I realized that I messed something up. (Big surprise there!) To achieve this “double hung” window effect, each double window gets trim on one opening, and the other opening is supposed to be painted to look like the trim. Well, my white posterboard around the top of the inside windows doesn’t look anything like the painted white trim around the bottom of the windows. It was an easy fix though. I just removed the posterboard from that part of the windows and painted the wood white. Then I glued the blue window casings and sills onto the walls. Looks smashing, if I do say so myself.
Update, January 19: The shell has been assembled! After quite a bit of drama… but what fun would it be without the drama?
First of all, remember how the front wall was warped? Well, even after sitting under heavy books for a few weeks, it was curved in the middle. Glue wasn’t going to hold it. Geoff suggested we get some brackets and screw the front of the house to the first and second floors, as well as gluing. But the hardware store didn’t have small enough brackets, so we bought some and he cut them smaller with one of his neat tools that shoots sparks. I wish I’d gotten a picture of that, but I was too annoyed by this turn of events (and guilt-ridden because Geoff was taking time out of airplane building to help) to think that far ahead.
The brackets seemed to do the trick. The screws won’t be visible on the bottom… some are sticking out the bottom of the house (which you won’t see), and the others will be covered by the porch. Screw heads in the first floor will be covered by hardwood flooring or a carpet. On the second floor, I plan to build in a piece of furniture that covers up the brackets. This is a pretty small dollhouse, and there won’t be much room on the second floor for a full bedroom and bathroom. (Of course, living in a studio apartment has given me plenty of practice dealing with such restrictions…) I will probably turn the “window seat” of the gable into a built-in bed, which should cover up the brackets completely.
Once the house was screwed (heh heh), we fit the walls together as best we could and glopped them up with glue.
Here’s the house being glued. Drama over. Sigh of relief. Except… can you tell what’s wrong with this picture?!
It’s actually hard to tell from the picture. I didn’t realize until we were leaving the hangar for the night… I GLUED THE WALLS ON THE WRONG SIDES! Yes, the left wall got glued onto the right side, and vice versa. This is a problem because the stairs can’t run along the same side as the French doors… nothing for the stairs to lean on.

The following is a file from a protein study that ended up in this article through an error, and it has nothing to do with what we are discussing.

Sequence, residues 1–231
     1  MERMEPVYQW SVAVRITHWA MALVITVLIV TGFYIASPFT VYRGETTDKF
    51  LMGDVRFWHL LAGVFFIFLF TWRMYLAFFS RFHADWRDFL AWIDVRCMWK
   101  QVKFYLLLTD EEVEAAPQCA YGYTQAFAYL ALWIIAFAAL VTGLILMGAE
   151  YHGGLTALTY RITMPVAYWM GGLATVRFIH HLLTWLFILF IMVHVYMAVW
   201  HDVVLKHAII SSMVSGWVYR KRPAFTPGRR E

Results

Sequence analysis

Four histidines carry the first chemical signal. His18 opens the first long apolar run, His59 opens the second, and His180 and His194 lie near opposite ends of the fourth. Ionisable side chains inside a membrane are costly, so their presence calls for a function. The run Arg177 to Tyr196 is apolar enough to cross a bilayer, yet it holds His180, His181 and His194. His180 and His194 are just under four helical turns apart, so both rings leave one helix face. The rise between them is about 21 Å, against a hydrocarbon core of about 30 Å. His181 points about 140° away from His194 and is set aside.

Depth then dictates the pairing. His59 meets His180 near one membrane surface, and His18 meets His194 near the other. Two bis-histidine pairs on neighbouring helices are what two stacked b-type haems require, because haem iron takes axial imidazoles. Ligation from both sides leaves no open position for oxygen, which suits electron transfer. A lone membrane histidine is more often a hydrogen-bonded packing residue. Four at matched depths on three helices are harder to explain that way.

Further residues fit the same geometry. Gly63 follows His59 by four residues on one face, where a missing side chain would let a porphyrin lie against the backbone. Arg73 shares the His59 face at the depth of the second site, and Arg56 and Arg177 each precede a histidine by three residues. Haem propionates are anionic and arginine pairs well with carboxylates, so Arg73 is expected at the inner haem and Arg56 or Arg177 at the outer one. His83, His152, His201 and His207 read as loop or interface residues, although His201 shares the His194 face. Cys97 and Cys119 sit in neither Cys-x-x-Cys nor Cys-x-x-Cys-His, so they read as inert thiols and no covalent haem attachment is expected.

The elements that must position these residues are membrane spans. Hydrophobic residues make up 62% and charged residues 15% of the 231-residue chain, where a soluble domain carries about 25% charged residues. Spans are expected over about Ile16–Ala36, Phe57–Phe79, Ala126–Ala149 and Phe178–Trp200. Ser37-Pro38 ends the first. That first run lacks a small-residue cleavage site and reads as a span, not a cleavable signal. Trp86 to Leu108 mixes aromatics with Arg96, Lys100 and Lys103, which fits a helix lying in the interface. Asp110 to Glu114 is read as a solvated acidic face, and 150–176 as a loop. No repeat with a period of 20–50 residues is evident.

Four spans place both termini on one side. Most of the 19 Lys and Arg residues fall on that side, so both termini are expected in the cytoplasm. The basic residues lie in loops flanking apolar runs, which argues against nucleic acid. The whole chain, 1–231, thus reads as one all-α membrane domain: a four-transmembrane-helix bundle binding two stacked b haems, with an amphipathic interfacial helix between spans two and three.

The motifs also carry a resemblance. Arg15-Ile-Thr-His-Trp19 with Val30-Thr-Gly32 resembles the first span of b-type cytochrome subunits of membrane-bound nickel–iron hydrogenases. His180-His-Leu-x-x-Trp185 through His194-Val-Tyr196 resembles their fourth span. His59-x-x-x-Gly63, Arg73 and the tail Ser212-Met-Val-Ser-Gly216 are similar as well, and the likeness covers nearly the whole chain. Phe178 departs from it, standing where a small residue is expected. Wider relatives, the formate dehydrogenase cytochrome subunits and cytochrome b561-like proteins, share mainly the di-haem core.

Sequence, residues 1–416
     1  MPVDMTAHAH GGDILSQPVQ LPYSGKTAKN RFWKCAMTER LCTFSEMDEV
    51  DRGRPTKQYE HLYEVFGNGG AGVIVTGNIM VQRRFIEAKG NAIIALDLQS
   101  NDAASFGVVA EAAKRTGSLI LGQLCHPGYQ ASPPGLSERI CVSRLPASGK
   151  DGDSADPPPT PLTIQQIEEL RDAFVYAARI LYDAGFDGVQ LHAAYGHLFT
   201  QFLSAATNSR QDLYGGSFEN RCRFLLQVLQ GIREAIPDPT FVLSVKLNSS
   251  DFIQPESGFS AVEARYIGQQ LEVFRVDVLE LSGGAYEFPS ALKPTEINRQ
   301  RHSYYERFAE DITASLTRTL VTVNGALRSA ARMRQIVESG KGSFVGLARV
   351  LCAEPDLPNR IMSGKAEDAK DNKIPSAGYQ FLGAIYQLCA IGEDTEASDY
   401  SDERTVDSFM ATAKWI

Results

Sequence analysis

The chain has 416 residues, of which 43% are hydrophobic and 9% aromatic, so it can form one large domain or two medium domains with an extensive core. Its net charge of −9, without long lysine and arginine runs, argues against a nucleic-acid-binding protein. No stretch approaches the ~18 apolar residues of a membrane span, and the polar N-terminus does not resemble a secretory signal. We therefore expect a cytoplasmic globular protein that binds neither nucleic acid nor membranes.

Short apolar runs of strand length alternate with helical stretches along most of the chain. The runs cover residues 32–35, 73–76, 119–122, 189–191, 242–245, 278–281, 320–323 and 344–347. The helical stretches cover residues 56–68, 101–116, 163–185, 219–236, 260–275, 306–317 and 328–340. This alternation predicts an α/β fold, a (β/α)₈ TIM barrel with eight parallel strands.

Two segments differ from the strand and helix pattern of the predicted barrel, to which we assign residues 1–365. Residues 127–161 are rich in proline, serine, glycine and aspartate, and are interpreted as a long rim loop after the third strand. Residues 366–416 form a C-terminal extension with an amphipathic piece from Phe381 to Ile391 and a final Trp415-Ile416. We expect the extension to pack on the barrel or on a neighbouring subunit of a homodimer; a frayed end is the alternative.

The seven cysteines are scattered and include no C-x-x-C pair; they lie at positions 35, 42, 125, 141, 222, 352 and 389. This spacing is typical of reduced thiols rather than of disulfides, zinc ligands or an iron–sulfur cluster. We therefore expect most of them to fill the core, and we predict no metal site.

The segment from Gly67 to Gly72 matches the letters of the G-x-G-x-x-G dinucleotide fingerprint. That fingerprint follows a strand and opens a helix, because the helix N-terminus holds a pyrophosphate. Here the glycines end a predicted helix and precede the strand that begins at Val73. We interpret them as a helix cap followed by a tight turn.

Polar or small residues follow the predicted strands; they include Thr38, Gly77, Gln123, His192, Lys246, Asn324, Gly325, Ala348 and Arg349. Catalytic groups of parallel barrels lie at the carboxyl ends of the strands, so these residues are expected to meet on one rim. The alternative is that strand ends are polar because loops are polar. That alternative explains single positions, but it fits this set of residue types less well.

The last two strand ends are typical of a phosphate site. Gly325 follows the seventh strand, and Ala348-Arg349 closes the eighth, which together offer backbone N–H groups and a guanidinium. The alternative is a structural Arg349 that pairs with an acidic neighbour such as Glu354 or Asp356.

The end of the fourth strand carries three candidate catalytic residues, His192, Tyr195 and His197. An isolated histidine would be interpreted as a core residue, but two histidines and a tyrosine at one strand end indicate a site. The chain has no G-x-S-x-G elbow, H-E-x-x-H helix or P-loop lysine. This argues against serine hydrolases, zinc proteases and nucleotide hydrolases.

So we pried it apart, put the walls in the right places, and glopped on more glue. The only thing I’m bummed about is that there’s now a mess of glue running across the right wall, where the hole for the stairs is. I was obsessing over it all weekend. I can probably run some trim there and it’ll look okay, but in the meantime, I’m going to try to forget about it. (Sob).
Here it is! The shell, right side up!
Those screws at the top and bottom of the wall are a result of the brackets we used to get the wall on flat. The ones at the bottom will be covered by the porch, and the ones up top will be painted blue. They will be in the shadow of the gable, so hopefully not too noticeable.
The inside. I can’t wait to start decorating! I will paint the screw heads in the ceiling white, so they will blend in better. It’s hard to see the detail of the double-hung windows in this picture, but I am pretty proud of how they turned out.
Update, January 30: I spent some time last week working on the conservatory addition. Geoff’s going to bring the camera to my place so I can take pictures (I brought the pieces home from the hangar because I didn’t want them to warp. It’s the rainy season!)
So I was flipping through an old Dollhouse Miniatures magazine and found a how-to article that shows cabinets made from Shenendoah kits made up into a center island with a built-in kitchen table. On Sunday I ordered the kits from HBS, so hopefully I can start on them within a few weeks. I’m really glad I’m adding the kitchen on to the side of the house… the conservatory is not the same style as the rest of the house, but the house itself would just be too small without it. Hopefully I will have some pictures of those components soon.
Sunday I also made a trip to Dollhouses, Trains, and More, a store in Novato. Some of their prices are much higher than the HBS catalogue, and some are much lower. I was looking for a particular style of kitchen chair. They only had one (I need 5), so the rest have been ordered. They also ordered a nice, modern-looking refrigerator for me… they had one in stock, but the handles were crooked. (This is a case where the store’s price was significantly cheaper than mail order.)
The shell seems to have glued together nicely, except that the corners didn’t really fit. I filled them with wood filler and plan to sand them down and paint them this weekend. I also cut the hardwood flooring material to fit the first floor. Geoff’s going to pick up some varnish for me at Home Depot (affectionately known as “home despot,” or more to the point, “that big lonely place that scares the crap out of me”…)
And lastly, during a trip to Needle in a Haystack, I picked up a book of oriental rug patterns in miniature. I picked one to stitch for the living room of the house. The pattern calls for wool and 18″ canvas, but I’m converting it to floss and 40-count evenweave. (The pattern isn’t a true 1:12 conversion, but stitching it on 40-count fabric will make it pretty close.) When I’ve made some decent progress on that, I’ll scan it.
Wow, I guess I’ve been busy. I’m enjoying the project more now that the house is looking like a house… the decorating is my favorite part! (It’s also the most expensive part…)